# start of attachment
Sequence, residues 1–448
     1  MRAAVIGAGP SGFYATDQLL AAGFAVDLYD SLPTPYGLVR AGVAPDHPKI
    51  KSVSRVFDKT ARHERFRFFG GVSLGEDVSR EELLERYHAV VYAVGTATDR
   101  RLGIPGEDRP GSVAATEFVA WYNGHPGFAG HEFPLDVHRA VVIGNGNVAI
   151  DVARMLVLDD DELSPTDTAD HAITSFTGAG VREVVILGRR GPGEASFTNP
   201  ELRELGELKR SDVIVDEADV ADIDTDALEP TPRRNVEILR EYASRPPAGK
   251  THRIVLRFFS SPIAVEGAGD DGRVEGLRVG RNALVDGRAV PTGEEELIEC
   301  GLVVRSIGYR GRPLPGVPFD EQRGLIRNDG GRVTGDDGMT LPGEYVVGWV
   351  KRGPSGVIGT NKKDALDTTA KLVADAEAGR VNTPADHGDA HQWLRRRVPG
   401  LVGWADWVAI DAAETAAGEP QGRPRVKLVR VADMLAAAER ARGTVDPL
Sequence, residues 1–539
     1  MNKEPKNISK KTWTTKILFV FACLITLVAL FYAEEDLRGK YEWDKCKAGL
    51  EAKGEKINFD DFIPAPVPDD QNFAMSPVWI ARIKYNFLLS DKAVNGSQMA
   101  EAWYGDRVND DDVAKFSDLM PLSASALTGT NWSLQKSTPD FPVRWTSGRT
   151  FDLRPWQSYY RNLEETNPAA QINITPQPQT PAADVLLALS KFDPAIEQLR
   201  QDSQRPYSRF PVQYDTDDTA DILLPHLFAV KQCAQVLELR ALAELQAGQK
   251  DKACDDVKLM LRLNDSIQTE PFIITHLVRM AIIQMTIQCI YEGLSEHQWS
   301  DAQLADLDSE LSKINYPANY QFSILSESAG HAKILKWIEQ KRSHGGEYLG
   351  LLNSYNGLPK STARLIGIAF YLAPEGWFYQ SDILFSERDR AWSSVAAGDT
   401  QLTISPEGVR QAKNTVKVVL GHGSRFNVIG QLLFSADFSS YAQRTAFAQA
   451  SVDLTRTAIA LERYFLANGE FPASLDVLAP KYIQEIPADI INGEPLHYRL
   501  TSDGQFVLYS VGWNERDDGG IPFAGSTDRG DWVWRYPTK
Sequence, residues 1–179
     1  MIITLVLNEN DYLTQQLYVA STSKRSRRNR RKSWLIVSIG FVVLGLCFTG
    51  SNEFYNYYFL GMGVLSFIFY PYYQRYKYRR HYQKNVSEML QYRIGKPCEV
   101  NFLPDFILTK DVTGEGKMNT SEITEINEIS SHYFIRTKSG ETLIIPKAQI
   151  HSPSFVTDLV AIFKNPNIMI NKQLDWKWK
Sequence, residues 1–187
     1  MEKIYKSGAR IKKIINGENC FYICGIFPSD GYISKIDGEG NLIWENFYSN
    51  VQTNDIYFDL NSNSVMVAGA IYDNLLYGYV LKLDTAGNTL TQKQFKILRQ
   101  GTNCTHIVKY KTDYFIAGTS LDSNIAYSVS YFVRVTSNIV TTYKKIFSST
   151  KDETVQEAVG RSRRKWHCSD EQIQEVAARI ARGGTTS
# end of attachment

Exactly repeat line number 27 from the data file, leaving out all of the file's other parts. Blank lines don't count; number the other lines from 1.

   151  HSPSFVTDLV AIFKNPNIMI NKQLDWKWK